Breathtaking stained glass at Sainte-Chappelle
Sainte-Chappelle is one of those places that has to be seen to be believed. I'd heard that it was a 13th-century gothic church with unbelievably beautiful stained glass windows, and I thought, sounds great, but I've seen a ton of gothic churches with unbelievably beautiful stained glass windows all over Europe. Heck, I've seen a ton of them all over Paris. But, man-oh-man, Sainte-Chappelle is something else; something really special. I promise you, these pics don't do it justice at all, and I've honestly never seen any that have. You just have to see it for yourself.
Sainte-Chappelle (which means Holy Chapel, by the way) is much smaller than the big gothic cathedrals and basilicas you'll find around Paris, but the entire upper level is covered with tall stained glass windows all the way around, and the colors and decor and ambiance of the place are breathtaking. I've been there three times with various friends visiting me in Paris, and I always look forward to the next time I'll have occasion to go.
Hours and tickets
Sainte-Chappelle is one of the very few churches you'll find in France that charges admission, and I definitely hesitated at that when I first heard about the place as a younger and broke-er traveler. Anyway, it's totally worth it, just be sure to check their website for current hours and prices.
Because it's a relatively small building you can probably visit the whole place in half an hour or so, although you could definitely spend hours sitting and admiring the beauty of the place if you're so inclined.
Plan your visit for a sunny day
The weather is really key here. Definitely plan your visit for a sunny day if you can, so you can see all that stained glass at its most glorious.
Interestingly, the church has two floors, and if you don't know this but you've heard about the maginificent stained glass you might be very surprised when you first go in! The ground floor has no windows and relatively low ceilings, but is worth exploring. When you're ready, you'll easily find the spiral staircase to go up to the main attraction — take note, there are two spiral staircases at two corners of the room; one to go up and one to go down. There are signs indicating this, but of course some confused tourists go the wrong way, which creates a bit of a traffic jam in the very narrow winding staircases.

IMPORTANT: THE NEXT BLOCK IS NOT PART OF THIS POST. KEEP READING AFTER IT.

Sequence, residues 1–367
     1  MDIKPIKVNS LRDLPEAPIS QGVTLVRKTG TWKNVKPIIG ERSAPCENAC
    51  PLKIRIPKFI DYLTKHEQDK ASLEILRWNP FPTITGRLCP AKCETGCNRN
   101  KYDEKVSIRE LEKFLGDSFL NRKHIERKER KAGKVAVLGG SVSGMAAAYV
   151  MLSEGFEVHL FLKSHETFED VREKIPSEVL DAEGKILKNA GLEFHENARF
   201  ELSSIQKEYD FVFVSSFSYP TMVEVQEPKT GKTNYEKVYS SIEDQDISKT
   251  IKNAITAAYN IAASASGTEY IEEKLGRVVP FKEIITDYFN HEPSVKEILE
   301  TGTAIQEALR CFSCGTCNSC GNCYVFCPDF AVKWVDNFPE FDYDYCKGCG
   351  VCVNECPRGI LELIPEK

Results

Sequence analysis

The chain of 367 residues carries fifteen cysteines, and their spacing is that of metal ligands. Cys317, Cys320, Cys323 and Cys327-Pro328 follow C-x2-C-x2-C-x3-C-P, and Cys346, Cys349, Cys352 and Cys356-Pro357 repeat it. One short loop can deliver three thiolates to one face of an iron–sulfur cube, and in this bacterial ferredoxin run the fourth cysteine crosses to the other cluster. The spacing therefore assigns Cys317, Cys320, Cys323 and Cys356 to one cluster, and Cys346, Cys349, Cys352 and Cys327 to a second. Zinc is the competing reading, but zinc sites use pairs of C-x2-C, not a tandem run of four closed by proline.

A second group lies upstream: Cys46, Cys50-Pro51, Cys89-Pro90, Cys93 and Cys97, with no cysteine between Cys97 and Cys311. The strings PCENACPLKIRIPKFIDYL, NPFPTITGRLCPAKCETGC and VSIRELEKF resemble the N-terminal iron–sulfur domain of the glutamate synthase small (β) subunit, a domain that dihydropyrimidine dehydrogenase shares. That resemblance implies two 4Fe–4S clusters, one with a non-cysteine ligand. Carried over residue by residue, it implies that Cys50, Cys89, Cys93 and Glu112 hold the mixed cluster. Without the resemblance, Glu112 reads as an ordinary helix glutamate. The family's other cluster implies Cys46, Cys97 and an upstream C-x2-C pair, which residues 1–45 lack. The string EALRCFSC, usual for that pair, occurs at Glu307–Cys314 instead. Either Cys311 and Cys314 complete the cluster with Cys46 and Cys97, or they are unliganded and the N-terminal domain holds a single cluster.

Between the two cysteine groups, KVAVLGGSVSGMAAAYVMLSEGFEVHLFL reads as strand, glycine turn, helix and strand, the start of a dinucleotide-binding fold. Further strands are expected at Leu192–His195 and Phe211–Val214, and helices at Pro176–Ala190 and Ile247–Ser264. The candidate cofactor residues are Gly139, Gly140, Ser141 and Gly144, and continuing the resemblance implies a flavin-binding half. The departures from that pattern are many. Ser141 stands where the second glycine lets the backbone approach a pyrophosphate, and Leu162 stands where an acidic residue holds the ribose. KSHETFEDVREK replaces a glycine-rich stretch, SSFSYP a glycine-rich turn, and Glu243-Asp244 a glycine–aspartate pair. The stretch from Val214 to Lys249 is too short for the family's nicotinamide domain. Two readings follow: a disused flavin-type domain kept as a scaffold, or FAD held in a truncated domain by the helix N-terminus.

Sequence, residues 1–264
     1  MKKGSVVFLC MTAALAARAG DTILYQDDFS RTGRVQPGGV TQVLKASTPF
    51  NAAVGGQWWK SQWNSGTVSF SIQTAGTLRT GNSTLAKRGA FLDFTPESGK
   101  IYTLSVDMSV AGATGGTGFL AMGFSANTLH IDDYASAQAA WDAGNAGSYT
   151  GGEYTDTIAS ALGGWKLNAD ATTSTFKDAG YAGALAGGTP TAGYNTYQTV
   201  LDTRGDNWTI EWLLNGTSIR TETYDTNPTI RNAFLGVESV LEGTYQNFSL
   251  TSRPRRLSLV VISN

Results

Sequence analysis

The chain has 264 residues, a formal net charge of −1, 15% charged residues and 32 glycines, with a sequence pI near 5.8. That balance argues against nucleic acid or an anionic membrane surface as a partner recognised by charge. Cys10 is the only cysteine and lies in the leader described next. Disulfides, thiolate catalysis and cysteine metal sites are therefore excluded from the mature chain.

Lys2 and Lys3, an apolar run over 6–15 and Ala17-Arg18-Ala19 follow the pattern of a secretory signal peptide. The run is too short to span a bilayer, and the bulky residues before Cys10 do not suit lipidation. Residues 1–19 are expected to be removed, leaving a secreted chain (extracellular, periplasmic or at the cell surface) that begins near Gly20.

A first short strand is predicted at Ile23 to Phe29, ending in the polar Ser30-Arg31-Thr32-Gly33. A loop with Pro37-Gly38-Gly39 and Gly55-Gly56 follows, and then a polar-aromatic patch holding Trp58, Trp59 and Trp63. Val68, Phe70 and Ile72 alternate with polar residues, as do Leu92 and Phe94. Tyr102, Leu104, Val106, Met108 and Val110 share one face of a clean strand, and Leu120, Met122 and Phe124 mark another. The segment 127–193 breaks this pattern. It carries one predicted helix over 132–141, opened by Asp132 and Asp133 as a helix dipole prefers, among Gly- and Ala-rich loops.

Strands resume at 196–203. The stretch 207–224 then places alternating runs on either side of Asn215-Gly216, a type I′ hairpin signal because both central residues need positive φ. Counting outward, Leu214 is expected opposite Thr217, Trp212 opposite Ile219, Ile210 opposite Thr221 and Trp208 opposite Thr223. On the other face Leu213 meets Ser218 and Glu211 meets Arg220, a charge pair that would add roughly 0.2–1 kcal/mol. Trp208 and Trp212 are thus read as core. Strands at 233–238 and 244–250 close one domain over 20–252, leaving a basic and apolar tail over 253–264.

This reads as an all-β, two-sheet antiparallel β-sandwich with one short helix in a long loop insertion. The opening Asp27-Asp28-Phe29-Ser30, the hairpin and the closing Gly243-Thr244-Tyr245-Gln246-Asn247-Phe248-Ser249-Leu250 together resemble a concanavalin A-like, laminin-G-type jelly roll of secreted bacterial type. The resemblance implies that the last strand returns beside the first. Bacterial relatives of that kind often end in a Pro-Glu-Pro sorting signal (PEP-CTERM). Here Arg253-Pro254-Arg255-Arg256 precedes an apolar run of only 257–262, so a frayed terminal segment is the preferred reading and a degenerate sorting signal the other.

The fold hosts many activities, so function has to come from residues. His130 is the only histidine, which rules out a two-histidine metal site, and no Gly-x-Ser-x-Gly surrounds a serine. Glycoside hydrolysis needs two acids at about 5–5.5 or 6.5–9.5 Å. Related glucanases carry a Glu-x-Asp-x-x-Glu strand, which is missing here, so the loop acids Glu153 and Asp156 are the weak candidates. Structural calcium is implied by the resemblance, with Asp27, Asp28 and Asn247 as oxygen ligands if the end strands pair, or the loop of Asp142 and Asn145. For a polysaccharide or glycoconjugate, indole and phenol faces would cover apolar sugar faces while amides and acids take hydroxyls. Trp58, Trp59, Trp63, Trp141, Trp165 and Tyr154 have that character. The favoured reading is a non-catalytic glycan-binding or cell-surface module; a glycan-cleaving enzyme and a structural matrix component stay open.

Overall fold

This wolf motif is just one of many gorgeous animal patterned tiles on the floor of Sainte-Chappelle.
Take the Métro to Cité, which is on Île de la Cité, the island on the Seine where Notre Dame is. You want to find your way over to the Boulevard du Palais, which is to the West. So, as point of reference, if you're looking at the front of Notre Dame you want to turn and walk away from it.
Sainte-Chappelle is weirdly situated inside the courtyard of another big building called the Palais de Justice; the court house and police station. When you're on the Boulevard du Palais you can't miss the big gold and iron gates of the court house (pictured above), and if you look back and to the left from there you'll see the top of Sainte-Chappelle peeking out (see?). The entrance to Sainte-Chappelle is over to the left of here. As I recall you have to pass through a metal detector to get into this complex of buildings, since it's also where the court house and police station are. Anyway, you'll see signs for all this stuff once you're there.
It's also worth noting that along this same street is the entrance to la Conciergerie. You could easily visit Notre Dame, Sainte-Chappelle, and la Conciergerie in one nice long morning/afternoon.
I snapped this picture of this melancholy-looking little dude on the way out. Maybe he couldn't scrape up the cash for the ticket; bummer.
Related junk from Cool Stuff in Paris:
Stand in the spot where royal blood spilled.An unfinished statue of the Virgin Mary
Buried for eight centuries.Cannonball stuck in the Hôtel de Sens
Goodbye, security deposit.Le Conciergerie
Former prison where Marie Antoinette awaited the guillotine.St-Pierre-de-Montmartre
Church containing 7th century Roman columns.